Admittedly we don’t need to worry about Prince Andrew telling the press how much Scotland means to him, as he doesn’t want the FBI to know that he’s available for interviews.
Just a couple of days later we discovered that that the royal couple had also met with Gordon Brown, who holds no public office but who has very recently launched a new organisation to campaign against independence. Then royal aides made a cack-handed attempt to get channel4 news not to report on the meeting, claiming it was “private”. For the royals to get involved in the independence debate is a very clear breach of the convention that the monarch and her representatives do not get involved in politics.
In 2014 the Queen restricted herself to asking people to “think very carefully before voting in the referendum” an ambiguous phrasing that allowed the palace to maintain the pretence that it doesn’t get involved in politics. Afterwards David Cameron told us that she “purred” down the phone when she heard the result of the vote. So apparently did George Galloway.
After the meeting with Gordon Brown, Kensington Palace issued a press release in a clear attempt at damage limitations claiming that the Prince was merely trying to learn more about “community attitudes” to independence as though Gordon Brown was really there in his capacity as a member of the management committee of Kirkcaldy community centre. And if you believe that you probably also believe that when Kate Middleton put on an expensive designer blue frock it means that she really cares deeply about ordinary Scottish people.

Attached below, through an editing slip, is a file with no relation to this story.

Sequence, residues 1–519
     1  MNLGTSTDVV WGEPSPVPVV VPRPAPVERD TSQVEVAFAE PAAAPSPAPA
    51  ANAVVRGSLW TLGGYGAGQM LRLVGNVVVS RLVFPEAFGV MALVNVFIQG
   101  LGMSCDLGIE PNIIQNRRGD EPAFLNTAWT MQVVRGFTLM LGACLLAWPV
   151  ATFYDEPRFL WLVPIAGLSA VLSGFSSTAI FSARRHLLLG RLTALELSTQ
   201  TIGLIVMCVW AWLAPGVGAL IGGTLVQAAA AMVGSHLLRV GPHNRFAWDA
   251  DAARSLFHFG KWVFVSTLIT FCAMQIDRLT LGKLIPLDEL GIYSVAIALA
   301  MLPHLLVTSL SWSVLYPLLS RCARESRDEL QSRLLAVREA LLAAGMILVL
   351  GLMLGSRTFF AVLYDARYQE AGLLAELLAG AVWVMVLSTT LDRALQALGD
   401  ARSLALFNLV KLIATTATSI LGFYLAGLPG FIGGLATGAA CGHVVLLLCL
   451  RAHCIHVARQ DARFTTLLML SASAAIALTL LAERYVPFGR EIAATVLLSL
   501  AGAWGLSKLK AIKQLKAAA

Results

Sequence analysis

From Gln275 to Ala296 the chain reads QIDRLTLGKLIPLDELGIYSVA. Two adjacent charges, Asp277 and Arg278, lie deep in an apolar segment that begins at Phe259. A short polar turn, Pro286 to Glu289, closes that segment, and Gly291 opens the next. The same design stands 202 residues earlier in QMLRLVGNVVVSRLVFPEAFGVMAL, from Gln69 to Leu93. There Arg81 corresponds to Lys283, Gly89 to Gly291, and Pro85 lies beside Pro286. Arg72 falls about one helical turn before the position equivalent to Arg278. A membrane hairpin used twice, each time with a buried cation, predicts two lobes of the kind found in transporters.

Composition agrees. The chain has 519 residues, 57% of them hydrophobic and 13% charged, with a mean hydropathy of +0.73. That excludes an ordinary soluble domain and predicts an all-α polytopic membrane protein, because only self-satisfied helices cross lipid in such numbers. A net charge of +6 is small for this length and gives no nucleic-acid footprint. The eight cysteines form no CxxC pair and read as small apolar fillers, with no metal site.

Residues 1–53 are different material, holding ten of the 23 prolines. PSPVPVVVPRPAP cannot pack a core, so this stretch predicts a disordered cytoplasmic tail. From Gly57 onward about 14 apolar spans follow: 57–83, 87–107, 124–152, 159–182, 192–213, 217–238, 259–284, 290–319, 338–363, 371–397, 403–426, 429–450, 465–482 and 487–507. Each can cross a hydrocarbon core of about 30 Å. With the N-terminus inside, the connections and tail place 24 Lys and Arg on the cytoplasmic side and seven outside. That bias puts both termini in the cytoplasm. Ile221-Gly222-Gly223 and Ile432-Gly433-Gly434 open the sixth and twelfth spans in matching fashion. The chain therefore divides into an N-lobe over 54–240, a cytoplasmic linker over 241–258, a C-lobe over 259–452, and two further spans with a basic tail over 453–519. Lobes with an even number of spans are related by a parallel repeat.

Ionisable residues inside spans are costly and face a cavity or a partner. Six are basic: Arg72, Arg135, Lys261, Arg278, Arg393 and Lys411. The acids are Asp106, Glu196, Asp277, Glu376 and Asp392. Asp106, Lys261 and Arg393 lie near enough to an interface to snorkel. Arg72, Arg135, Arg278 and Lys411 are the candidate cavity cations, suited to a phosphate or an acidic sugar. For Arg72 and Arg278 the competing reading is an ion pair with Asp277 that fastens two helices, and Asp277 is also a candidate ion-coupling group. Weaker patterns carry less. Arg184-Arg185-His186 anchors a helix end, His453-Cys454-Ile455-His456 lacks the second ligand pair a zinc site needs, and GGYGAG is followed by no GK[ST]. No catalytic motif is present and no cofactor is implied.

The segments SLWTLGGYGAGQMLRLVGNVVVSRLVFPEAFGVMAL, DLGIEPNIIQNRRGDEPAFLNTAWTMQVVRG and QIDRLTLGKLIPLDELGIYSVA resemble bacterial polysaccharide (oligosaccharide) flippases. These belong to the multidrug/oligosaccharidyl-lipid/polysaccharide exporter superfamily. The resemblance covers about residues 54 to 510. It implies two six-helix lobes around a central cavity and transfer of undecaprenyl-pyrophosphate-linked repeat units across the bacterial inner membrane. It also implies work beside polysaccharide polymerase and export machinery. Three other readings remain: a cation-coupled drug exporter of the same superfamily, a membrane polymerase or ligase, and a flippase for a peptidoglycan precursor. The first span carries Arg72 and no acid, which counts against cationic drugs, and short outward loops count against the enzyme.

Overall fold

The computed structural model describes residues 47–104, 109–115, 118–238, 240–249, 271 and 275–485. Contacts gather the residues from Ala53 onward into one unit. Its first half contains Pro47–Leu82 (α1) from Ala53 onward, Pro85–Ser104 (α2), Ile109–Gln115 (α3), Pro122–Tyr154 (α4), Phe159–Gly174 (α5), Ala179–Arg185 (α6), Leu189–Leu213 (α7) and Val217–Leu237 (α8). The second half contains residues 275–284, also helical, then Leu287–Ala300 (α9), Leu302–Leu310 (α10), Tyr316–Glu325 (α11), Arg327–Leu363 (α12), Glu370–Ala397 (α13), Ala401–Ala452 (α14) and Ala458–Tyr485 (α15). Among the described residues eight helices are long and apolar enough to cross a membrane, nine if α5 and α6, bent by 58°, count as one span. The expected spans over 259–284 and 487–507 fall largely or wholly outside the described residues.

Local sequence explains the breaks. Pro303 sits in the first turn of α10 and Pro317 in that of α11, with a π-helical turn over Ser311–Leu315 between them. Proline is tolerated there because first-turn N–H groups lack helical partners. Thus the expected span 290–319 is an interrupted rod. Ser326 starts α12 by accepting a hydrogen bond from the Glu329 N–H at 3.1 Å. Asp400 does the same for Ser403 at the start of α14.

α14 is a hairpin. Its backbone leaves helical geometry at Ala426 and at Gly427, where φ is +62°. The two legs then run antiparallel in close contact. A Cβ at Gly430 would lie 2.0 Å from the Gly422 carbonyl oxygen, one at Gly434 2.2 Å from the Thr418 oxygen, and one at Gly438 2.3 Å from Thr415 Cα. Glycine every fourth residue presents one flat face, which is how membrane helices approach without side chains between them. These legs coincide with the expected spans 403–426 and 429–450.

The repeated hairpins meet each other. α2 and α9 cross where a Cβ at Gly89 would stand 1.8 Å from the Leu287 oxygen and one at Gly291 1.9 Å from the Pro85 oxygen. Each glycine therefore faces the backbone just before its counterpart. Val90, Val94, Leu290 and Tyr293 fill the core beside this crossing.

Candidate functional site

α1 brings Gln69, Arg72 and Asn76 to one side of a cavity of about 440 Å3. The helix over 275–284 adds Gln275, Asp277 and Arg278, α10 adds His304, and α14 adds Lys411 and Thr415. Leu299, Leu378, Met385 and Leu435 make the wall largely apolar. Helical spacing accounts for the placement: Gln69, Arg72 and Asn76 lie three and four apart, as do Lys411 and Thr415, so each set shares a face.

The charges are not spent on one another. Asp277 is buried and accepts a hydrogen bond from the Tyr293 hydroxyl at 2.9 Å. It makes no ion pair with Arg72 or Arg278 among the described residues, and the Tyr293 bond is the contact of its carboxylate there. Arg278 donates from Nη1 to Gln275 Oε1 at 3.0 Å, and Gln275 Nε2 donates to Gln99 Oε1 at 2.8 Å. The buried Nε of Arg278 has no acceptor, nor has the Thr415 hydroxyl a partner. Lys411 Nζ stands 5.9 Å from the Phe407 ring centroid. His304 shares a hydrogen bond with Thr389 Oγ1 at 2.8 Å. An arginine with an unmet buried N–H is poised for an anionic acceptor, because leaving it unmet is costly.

The real danger for the Windsors is that they risk making the monarchy an issue in the independence debate. If they are seen to become agents of the campaign to oppose independence they merely make it more likely that an independent Scotland would seek to become a republic. Prince William will one day become king. However an independent Scotland would not be happy with a king as its head of state if that king had actively sought to prevent independence from ever happening. No independent country is going to consent to a head of state who was hostile to the creation of the state. If the Windsors want to continue to provide Scotland with the Kings and Queens of Scots, they’d be wise to butt out of the democratic process.
NEW MODERATION POLICY
In the wake of recent events I am determined that this site will not become a home for bigots and conspiracy theorists. They will not be welcome here. Moderation is the most stressful part of running a blog, but this site is going to continue to make the positive case for independence. With this in mind as of today a new moderation policy is in force.
Anyone who attempts to use this site to post hatred, bigotry, or conspiracy theories will be banned. If you attempt to insult and abuse anyone you will be banned. This site has a zero-toleration policy for homophobia, transphobia, racism, and misogyny. Failure to respect this will result in a ban.
If you intend to spend the next four years undermining the SNP, the Scottish Government and the pro-independence parties that the great majority of independence supporters voted for, you can do so somewhere else, because you’re not going to do it here. The reminder that has regularly appeared on this site is not a serving suggestion. It will be rigorously enforced. If you don’t like this rule – there is a small x at the top right of your screen. Click it, close this page and go elsewhere.
This is your reminder that the purpose of this blog is to promote Scottish independence. If the comment you want to make will not assist with that goal then don’t post it. If you want to mouth off about how much you dislike the SNP leadership there are other forums where you can do that. You’re not welcome to do it here.